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Can you give your students a lifelong learning mindset?

Many tertiary education providers would argue instilling a lifelong learning mindset is the job of the K-12 education system, or even early education. By helping to encourage in younger learners that hunger for learning we’re all born with, they should already be primed by the start of adulthood.


Except that often isn’t the case. As a learning culture, we still have a static view of where a tertiary VET or higher ed program will take us once we have the requisite knowledge and skills. We often paper over a volatile, changing reality with the promise of a steady job for our entire lives.


We aren’t getting real with students about work. Or encouraging the lifelong learning they’ll need.


Can we do better?


How to encourage a lifelong learning mindset in your students


There’s no doubt we can.


As part of the tertiary education ecosystem, we’re actually in a great place to transition students from the less job-related world of K-12 education, through into the more work-aligned world of knowledge and skills. What could be more practical than today than making learning lifelong?


Here’s a few ideas on how to achieve that.



Help students understand the future working landscape


Students are entering a different world than many of their trainers started out in. With an explosion of technologies changing the knowledge and skills they will require during their careers, as well as whole industries and jobs, students will face automation and the need to live alongside technology.


They need to understand this landscape. Educators can deliver them insights on their industry, the jobs being created or made obsolete, and where it is all heading (backed by predictive analytics). Educators can frame the future better to ensure students to see why lifelong learning makes sense.



Inspire students by hiring and encouraging great teaching


None of us should lose sight of the crucial role inspiration plays during tertiary education. As an education community, we’re not only there to act as conduits for skills or assessors of competencies; we’re there to offer students inspiration and motivation for learning in our areas of expertise.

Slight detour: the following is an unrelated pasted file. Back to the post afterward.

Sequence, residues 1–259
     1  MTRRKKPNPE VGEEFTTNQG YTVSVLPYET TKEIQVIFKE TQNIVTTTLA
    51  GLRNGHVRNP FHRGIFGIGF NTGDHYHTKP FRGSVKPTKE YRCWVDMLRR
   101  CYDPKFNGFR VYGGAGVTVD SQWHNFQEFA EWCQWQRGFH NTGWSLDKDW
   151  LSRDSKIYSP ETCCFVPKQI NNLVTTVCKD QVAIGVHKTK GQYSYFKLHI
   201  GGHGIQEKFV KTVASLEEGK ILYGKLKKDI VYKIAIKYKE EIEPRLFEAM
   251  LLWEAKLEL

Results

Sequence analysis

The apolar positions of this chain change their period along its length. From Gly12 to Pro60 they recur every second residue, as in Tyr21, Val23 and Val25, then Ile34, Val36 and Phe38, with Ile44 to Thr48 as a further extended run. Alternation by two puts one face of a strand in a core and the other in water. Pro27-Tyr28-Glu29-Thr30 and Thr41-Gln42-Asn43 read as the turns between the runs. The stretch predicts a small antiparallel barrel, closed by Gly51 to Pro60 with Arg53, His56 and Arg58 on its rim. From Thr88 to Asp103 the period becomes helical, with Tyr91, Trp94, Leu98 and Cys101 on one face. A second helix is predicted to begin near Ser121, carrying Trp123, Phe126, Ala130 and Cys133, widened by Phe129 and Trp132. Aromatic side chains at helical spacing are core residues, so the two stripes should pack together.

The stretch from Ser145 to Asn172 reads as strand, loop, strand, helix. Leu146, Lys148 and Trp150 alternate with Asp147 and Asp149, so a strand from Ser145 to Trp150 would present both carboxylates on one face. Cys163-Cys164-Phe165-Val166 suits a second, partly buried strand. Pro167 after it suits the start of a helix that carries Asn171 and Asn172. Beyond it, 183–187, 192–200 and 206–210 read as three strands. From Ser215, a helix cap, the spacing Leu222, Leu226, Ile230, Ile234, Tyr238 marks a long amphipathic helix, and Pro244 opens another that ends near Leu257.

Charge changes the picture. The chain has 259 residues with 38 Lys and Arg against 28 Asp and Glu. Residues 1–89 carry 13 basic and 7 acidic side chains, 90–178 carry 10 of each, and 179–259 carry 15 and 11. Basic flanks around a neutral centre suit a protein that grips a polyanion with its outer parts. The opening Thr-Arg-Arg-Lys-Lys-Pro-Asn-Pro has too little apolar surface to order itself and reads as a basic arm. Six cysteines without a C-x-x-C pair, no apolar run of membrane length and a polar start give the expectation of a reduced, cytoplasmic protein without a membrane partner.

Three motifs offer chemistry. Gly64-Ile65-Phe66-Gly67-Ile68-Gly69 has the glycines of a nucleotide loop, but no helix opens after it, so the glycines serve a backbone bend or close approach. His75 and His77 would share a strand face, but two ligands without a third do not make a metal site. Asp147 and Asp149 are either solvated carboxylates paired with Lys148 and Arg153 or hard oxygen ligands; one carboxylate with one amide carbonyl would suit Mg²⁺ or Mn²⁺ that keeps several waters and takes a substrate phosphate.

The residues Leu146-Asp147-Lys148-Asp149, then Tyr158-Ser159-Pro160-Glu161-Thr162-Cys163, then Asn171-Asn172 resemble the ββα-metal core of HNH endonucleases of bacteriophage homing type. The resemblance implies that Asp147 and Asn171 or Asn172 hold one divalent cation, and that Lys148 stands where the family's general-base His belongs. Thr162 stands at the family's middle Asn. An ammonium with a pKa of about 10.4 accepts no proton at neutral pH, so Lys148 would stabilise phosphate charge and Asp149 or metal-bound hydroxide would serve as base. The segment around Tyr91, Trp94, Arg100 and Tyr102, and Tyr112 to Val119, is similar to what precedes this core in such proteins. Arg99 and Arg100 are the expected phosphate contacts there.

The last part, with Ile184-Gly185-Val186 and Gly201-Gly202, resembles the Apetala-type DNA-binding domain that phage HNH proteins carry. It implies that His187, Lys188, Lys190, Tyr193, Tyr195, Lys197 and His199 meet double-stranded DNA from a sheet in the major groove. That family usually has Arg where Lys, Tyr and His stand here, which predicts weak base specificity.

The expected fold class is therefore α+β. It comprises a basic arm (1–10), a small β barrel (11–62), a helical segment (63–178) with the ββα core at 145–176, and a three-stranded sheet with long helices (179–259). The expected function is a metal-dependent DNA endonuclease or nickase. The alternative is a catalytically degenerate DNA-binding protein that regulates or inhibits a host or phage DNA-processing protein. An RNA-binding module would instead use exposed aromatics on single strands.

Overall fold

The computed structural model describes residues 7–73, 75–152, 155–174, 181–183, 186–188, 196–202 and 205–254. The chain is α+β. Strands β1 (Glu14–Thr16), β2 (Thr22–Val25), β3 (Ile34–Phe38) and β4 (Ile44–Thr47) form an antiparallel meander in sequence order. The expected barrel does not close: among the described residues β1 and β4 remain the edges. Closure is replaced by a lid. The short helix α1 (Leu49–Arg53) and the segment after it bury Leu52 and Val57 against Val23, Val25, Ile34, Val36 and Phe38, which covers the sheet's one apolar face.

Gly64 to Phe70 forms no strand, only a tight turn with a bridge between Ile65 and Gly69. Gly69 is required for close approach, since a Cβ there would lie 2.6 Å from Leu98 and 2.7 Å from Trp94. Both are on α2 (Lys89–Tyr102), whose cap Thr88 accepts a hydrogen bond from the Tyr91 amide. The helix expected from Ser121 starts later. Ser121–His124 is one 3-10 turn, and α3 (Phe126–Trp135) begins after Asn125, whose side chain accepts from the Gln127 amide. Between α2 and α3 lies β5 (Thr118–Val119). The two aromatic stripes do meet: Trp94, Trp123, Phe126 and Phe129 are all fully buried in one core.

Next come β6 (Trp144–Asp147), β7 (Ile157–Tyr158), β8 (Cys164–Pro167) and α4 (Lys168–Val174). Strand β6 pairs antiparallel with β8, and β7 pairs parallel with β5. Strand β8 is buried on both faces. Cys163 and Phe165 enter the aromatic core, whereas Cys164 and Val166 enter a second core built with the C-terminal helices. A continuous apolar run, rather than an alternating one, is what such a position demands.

Teachers and trainers provide this inspiration. By delivering professional and engaging learning while sharing their personal passions, experiences and excitement for what the future holds in their respective industries, students are gifted a vision of where learning for life could take them.



Don’t assume students know how to learn. Teach them.


As we mature, ‘always on’ learning becomes a difficult proposition. Influenced by our own biology as well as our expectations we should be ‘done’ learning when we finish a course or degree, it’s easy to relax into what we know, rather than challenges ourselves with learning something new.


Teaching ‘learning how to learn’ skills can help. From understanding growth and fixed mindsets, through to the basics of setting goals, understanding learning styles, breaking learning up, practicing information retrieval and learning through doing, educators can turn learning into a habit.



Turn your learning offerings into a lifelong proposition


Education providers have the opportunity to deliver lifelong learning themselves by expanding their offering to students. Although front-loaded courses and degrees between school and work are extremely valuable, there’s no reason a provider can’t be part of a longer-term learning journey.


From micro-credentials for mid-career professionals on management or leadership, through to a progression of online-only courses for alumni, education providers can offer an ongoing engagement with their service that will be able to add additional revenue beyond certification or graduation.


We’re still learning too


The truth is that educators are still learning as well. While we take on the challenge of learning new things and doing things differently, largely as a result of digital transformation, we should be ensuring our students have that same opportunity not only today, but throughout their lives.